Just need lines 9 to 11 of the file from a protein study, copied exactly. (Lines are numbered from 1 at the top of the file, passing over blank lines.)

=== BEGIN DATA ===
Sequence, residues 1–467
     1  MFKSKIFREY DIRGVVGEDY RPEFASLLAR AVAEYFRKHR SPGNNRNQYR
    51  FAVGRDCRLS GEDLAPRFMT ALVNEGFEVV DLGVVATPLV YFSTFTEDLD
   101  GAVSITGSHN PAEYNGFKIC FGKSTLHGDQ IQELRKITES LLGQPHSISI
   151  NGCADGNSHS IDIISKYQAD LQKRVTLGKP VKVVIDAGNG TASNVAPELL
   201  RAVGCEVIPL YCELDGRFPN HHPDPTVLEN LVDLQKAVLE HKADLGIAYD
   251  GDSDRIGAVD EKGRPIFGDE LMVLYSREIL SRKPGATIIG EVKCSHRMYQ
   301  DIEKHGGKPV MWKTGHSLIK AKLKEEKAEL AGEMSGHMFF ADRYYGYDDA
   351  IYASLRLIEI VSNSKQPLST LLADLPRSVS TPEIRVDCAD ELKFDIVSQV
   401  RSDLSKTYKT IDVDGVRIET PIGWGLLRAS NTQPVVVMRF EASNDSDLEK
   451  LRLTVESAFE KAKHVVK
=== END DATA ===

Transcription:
   351  IYASLRLIEI VSNSKQPLST LLADLPRSVS TPEIRVDCAD ELKFDIVSQV
   401  RSDLSKTYKT IDVDGVRIET PIGWGLLRAS NTQPVVVMRF EASNDSDLEK
   451  LRLTVESAFE KAKHVVK